Happiness

For Drake, the Misogyny Is the Message

“I blow a half a million on you hoes, I’m a feminist,” Drake raps in a lyric that, like so much of his recent output, is perched between humor and brand management, shock and forgettability, engagement and apathy. The joke is, of course, that men who treat women as hoes aren’t feminist. But then again, Her Loss—Drake’s new, joint album with the Atlanta rapper 21 Savage—is a queasy ode to femininity, from its title to its cover art. On one song, Drake shouts out abortion rights. On another, he says he’d vote for a female president (the porn star Teanna Trump). Throughout, in his typical manner, he fixates on the power women hold over him sexually—and the power he can hold over them financially.

How ironic that Her Loss, released last Friday, has drawn attention largely for Drake disrespecting a woman. On the new song “Circo Loco,” he raps this: “This bitch lie ’bout gettin’ shots, but she still a stallion.” The line was widely interpreted as dissing Megan Thee Stallion, the 27-year-old Houston emcee who accused another rapper, Tory Lanez, of shooting her feet in 2020. In the court of public opinion and in an ongoing criminal trial, Lanez has pleaded innocent, and the “Circo Loco” line would seem to signal Drake’s agreement that Megan is being dishonest. Shortly after the album dropped, she tweeted her anger, writing, “Stop using my shooting for clout.” Hip-hop now has a new beef, and it hints at the market value of misogyny.

Megan Thee Stallion’s shooting has been treated as a spectacle from the start. In August 2020, she said that, a month earlier, Lanez had fired at her after she’d gotten out of a car in which she, Lanez, and two others had been arguing. Since then, the public has seen medical records documenting bullet fragments in her feet, a text-message apology from Lanez to Megan (for an unspecified offense) sent shortly after the alleged attack, and a text from a friend who was in the car, telling a bodyguard that “Tory shot Meg.” In song lyrics and on social media, Lanez has disputed Megan’s account, though without clearly providing his own version of events. Prosecutors have charged him with shooting her, and the court case is ongoing.

Proving guilt or innocence is tricky, but opinions around the case have become bizarrely polarized. To Megan and her supporters, the shooting demonstrates the disrespect and danger Black women routinely face. Lanez’s defenders suspect that Megan has spun a hoax, though if you browse their online commentary, you don’t find a clear and unanimous basis for that suspicion. Some skeptics raise pseudo-rational disputes with her timeline (Megan recovered from her injuries quickly—too quickly?). Others circulate debunked info (Lanez has amplified misinformation, violating a judge’s order about discussing the case). Rappers including 50 Cent and Boosie BadAzz have fixated on Megan’s denial of a sexual relationship with Lanez, as if it’s obvious that they did sleep together, as if it would matter if they had, as if the case is comprehensible only if it fulfills stereotypes about female jealousy and vindictiveness.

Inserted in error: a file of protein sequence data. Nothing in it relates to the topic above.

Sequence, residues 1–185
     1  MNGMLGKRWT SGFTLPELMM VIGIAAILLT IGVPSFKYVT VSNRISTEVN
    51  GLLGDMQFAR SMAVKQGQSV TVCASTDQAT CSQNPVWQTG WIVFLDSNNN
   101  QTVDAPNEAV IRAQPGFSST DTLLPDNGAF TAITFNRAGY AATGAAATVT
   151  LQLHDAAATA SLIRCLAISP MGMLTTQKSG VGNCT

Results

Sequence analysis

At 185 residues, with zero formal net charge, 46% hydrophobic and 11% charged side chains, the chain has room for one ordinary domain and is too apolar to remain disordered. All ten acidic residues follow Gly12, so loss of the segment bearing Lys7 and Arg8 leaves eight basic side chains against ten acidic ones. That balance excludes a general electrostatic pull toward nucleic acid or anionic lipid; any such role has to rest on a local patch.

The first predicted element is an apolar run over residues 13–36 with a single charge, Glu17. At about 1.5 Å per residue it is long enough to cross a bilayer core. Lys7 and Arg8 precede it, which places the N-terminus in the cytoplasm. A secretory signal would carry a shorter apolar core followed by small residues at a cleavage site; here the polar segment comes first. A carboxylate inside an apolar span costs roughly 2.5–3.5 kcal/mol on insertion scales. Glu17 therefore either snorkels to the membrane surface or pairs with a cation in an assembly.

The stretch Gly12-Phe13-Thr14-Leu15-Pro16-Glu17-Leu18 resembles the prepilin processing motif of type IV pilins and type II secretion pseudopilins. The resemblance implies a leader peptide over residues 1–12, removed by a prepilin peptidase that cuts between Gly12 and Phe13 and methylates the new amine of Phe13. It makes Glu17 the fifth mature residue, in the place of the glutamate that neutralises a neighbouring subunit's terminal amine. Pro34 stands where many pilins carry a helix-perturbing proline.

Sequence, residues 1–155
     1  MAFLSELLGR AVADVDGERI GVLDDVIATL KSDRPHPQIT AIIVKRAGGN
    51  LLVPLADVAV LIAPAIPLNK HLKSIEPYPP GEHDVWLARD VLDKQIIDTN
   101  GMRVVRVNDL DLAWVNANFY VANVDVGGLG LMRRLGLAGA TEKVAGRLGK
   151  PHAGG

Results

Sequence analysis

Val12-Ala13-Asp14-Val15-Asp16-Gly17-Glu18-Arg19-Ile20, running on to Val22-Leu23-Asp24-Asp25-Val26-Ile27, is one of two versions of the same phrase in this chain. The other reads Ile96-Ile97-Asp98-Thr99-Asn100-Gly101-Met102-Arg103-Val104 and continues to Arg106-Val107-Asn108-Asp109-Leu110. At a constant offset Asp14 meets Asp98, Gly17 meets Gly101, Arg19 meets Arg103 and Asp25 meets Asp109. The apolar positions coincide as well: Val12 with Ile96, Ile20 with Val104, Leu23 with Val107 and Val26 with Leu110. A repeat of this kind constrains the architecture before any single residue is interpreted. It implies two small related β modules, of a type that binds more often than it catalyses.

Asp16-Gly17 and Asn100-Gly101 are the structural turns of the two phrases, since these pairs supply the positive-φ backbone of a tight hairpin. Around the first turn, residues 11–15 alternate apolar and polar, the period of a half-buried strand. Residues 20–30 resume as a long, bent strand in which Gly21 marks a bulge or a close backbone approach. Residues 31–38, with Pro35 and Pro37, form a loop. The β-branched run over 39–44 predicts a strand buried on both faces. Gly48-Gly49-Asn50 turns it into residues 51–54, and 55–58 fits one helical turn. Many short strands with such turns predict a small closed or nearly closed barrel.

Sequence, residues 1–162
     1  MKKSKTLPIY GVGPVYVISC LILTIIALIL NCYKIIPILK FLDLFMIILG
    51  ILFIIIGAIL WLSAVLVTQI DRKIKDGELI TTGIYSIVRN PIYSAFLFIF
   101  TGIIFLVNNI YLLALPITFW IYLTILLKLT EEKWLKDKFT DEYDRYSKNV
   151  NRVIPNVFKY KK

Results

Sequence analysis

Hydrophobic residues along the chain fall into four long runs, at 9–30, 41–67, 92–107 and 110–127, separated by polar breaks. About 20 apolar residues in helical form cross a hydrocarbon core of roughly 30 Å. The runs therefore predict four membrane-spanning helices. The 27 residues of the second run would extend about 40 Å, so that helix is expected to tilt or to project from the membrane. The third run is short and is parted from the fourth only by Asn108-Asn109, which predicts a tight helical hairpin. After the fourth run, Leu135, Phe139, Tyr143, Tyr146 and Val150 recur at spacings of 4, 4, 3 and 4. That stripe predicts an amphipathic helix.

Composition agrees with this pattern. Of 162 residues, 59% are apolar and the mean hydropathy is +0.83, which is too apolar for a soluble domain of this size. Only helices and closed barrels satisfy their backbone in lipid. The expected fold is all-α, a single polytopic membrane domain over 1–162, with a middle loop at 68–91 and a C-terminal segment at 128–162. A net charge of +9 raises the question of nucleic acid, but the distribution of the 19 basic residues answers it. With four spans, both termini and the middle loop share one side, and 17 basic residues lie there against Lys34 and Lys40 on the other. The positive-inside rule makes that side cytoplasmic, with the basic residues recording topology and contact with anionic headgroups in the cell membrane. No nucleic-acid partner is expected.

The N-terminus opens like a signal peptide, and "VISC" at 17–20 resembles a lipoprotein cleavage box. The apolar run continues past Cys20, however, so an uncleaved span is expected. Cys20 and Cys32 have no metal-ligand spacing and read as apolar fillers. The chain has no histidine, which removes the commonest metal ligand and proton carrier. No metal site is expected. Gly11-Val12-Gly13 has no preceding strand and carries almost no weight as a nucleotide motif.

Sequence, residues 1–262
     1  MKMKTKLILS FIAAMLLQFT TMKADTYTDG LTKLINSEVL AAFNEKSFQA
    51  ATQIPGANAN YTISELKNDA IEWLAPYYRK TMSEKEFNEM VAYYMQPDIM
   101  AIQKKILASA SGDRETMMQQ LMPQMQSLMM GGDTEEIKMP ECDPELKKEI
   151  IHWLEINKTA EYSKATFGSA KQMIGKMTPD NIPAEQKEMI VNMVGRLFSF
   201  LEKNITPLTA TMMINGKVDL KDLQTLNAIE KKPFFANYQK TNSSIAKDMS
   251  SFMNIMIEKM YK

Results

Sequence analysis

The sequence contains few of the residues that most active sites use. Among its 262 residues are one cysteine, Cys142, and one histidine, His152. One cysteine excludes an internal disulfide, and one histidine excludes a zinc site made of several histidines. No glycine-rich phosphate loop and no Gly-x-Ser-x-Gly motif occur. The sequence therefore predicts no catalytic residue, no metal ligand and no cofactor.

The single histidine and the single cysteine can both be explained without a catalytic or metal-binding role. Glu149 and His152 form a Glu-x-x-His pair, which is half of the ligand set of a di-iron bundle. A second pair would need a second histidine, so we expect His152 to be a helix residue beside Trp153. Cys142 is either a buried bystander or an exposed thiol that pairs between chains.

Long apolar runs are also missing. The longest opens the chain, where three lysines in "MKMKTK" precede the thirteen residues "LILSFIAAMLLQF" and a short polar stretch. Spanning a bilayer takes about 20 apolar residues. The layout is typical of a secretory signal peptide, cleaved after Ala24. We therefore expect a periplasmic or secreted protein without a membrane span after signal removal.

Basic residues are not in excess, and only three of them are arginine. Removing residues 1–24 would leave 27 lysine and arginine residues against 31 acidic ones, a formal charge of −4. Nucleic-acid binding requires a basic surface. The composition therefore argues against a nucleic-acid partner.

What’s clear is that having a strong opinion against Megan is, in many cases, more of a tribal position than a logical one, with gendered overtones. And Drake’s “Circo Loco” lyric aligns him with one camp—though vaguely enough to give him some cover from blowback. In the past few days, his listeners have sown doubt about what he’s really saying. Lil Yachty, a collaborator on some of the album, has said the line is “not about Megan,” but rather about cosmetic injections. Another take says that Drake was referring to a model known as Elke the Stallion. Such interpretations aren’t defenses, though. Lyrics can have layered meanings, but it’s laughable to say that Drake, who’s as calculating as a computer, didn’t intend for the words shots, lie, and stallion to trigger exactly this kind of controversy.

Controversy, after all, can be profitable. More than ever, the music-media ecosystem is driven by gossip and feuds, which savvy figures such as Drake manipulate with lyrical barbs that double as SEO keywords. On Her Loss, he refers to Serena Williams’s husband, Alexis Ohanian, as a “groupie” for the tennis star. The rapper also seems to express ambivalence about having made peace last year with Ye, a mentor turned rival. And he sneers at DRAM, a rapper he beefed with seven years ago. None of these insults articulates much—not an agenda, not a worldview—other than a desire for attention. And sure enough, publicity about those disses has far eclipsed coverage of Her Loss’s actual (and pretty good!) music. “Circo Loco” even debuted at No. 1 on Billboard’s Hot Trending Songs chart.

The swipe at Megan is especially nasty, though, because although it might be good for Drake’s business, it comes at a cost for others. Not only has Drake forced Megan to defend herself, her career, and her credibility once again. But at a moment of mounting #MeToo backlash, he has also fed into the sense that reflexively dismissing the stories of women—and in this case, Black women—is edgy and wise. And the fact that a market exists for this kind of thoughtless commodification of someone else’s struggle just proves the dark point that Megan has been making all along. “I’ve realized that violence against women is not always connected to being in a relationship,” she wrote in The New York Times in 2020. “Instead, it happens because too many men treat all women as objects.”



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